On June 6, 2016 the Chronicle of Higher Education featured the founder of Peer Instruction and my mentor Eric Mazur in article titled “The Making of a Teaching Evangelist,” by Dan Berrett.
The article describes the history of Peer Instruction and how Mazur’s defining pedagogical method led to his new course redesign approach. While the article describes a protocol for remaking any course from the ground up, I used Mazur’s redesign approach to create a brand new course. I added a few dabs of my own design DNA and have since taught the project-based learning course, Technology and Innovation in Higher Education, twice at The University of Texas at Austin.
One of Mazur’s philosophies that infuses everything I do as an educator is that people learn best when they are engaged. While the approach requires committing to careful rethinking of some of the most sacred features of a course, it leads to a much higher level of student and teacher engagement.
Here is the basic approach:
- Reimagine what students (and you) do before class: Mazur’s new method puts a premium on motivating and rewarding pre-class work. He uses an online platform called Perusall that he recently developed.
My design also heavily emphasizes the importance of pre-class work. I use Just-in-Time Teaching and Instructure’s Canvas to assign students pre-class “Warm-Ups.” I use this rubric to evaluate students’ pre-class engagement. Their score is based entirely on effort and counts for 10% of the final course grade.I had no problems with student engagement or completion of pre-class assignments, however one critique of my approach is that my design encourages pre-class work to be a solo enterprise. Mazur’s method promotes and rewards collaborative learning during pre-class activities not just in-class.
- Rethink Exams and Lectures: Mazur does not hold traditional exams, rather he does five “Readiness Assurance Activities” drawn from the Immediate Feedback Assessment Technique featured in Team-Based Learning.I adopt a similar approach but call it a CO-LAB, a collaborative lab activity whereby I infuse retrieval practice into each class meeting. Students apply what they learned in their pre-class readings or activities on 10 assessment items that require to engage in deep, inferential thinking and transfer of learning based on concepts or ideas they read (in other words, no verbatim or softball questions).
Students answer the 10 questions on their own first and then move into pre-assigned, permanent teams to work together to answer the same set of questions with immediate feedback on correctness. Students get multiple chances to response with the answer correct during the teamwork portion, receiving less credit for a second, third, or fourth attempt. I use the team-based feature of Learning Catalytics (also developed by Mazur) to deliver CO-LABS. Fifty percent of a students’ grade is based on their performance on the individual portion and fifty percept on their team score. (This is kind of confusing, if you would like to learn more from me here and Learning Catalytics here and here.)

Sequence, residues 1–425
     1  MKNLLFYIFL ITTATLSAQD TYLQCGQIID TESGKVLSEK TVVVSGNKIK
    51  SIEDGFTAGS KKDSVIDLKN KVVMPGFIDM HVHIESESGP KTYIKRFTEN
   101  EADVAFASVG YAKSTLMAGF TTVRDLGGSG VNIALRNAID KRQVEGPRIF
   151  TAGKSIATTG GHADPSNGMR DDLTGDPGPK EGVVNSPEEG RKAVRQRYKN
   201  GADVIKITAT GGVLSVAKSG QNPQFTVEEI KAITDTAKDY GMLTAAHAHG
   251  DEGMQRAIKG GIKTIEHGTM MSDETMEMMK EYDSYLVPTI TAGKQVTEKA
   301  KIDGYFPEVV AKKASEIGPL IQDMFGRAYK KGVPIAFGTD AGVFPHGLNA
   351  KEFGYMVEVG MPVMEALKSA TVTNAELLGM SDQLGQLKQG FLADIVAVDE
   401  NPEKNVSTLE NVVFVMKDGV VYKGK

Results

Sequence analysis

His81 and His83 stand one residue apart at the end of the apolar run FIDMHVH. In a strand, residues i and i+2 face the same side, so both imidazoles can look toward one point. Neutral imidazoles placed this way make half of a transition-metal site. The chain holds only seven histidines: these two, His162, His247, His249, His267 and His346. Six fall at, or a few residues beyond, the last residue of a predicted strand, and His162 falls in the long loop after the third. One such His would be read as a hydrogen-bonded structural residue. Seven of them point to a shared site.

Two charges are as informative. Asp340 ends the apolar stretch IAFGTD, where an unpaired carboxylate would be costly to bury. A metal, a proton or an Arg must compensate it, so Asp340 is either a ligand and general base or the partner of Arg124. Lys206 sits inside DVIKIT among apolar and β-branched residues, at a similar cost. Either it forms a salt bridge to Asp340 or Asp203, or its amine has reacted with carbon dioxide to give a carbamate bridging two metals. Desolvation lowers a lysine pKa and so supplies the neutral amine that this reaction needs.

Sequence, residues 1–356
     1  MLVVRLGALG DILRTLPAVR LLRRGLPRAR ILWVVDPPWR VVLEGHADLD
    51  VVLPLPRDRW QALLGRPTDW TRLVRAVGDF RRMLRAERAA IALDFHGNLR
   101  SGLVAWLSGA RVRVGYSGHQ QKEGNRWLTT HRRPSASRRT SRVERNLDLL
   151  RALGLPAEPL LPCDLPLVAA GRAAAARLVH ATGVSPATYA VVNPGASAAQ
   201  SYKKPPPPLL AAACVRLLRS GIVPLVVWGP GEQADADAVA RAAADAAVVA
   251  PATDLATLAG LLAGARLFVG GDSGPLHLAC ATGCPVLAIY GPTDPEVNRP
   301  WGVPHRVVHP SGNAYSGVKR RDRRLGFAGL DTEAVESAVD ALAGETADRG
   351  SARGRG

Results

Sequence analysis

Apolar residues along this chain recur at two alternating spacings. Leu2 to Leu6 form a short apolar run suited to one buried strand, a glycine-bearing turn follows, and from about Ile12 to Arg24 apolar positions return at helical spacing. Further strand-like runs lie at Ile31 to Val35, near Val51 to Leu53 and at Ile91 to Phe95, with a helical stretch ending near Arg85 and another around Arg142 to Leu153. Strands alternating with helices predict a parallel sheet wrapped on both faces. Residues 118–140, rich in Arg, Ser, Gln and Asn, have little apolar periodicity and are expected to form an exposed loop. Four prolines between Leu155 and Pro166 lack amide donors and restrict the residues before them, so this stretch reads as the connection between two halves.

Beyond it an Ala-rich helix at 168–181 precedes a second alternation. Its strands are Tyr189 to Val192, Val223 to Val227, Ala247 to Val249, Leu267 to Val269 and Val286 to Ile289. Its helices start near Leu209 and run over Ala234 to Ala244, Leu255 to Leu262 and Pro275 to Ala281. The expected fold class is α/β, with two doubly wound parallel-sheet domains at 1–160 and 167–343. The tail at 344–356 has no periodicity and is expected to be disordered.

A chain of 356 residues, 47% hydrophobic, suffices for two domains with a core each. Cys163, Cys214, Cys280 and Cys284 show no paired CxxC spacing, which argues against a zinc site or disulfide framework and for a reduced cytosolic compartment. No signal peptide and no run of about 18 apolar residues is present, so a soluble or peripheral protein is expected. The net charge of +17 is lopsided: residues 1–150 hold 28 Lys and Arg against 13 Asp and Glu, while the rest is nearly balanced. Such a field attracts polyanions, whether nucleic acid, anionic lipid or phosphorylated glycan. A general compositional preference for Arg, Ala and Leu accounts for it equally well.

The only lecturing I did during class time during the entire semester was during an explanation phase at the end of each CO-LAB. Based on feedback research from Andy Butler, Namrata Gobble, and Elizabeth Marsh (2013), I always went through each item and provided short explanations. The CO-LABS are worth 20% of the final grade. This means 30% of students’ final grades are based on their engagement in pre-class work. Such a design sends a clear message on how important it is to engage pre-class and eliminated the need for me to lecture on content they could easily read or access online.
- Offer Authentic Projects: One thing the Chronicle article did not mention is that Mazur’s new course features project-based learning. For example, when his
students study the physics of sound, instead of simply reading it about it, doing homework problems, and then taking an exam, they build their own musical instruments (see a flute they built to the left). I used a similar approach and designed the entire course around four team-based projects.
For their final project, my students are required to build a beta-version board game that could replace a three hour workshop on a topic of their choosing within the field of higher education. For example, one group of students (pictured below) developed a board game to replace the traditional introductory training for residential assistants. Students are required to incorporate a number of technology, innovation, and learning theories, concepts, and approaches into their game designs. In 15 years of practice in higher education at a variety of institutions, I have never seen deeper or more sincere engagement in the subject matter. Many times during a project, I tried to let class out early and I could not convince my students to leave!
Mazur has also redesigned the homework experience, which I have written about previously here. For those of us who teach seminars and do not have required problem sets, rethinking homework may play less of a necessary role in designing or redesigning a course to increase student engagement.
On reflecting on the Technology and Innovation course, one of my students said, “There is no way to be successful in this course and not be engaged. In some classes, if you are busy you can have a few off weeks or just load all the learning in the end. In Tech and Innovation, you cannot just show up sporadically. If you aren’t engaged it won’t be just detrimental to you, but other students as well.”
What do you think?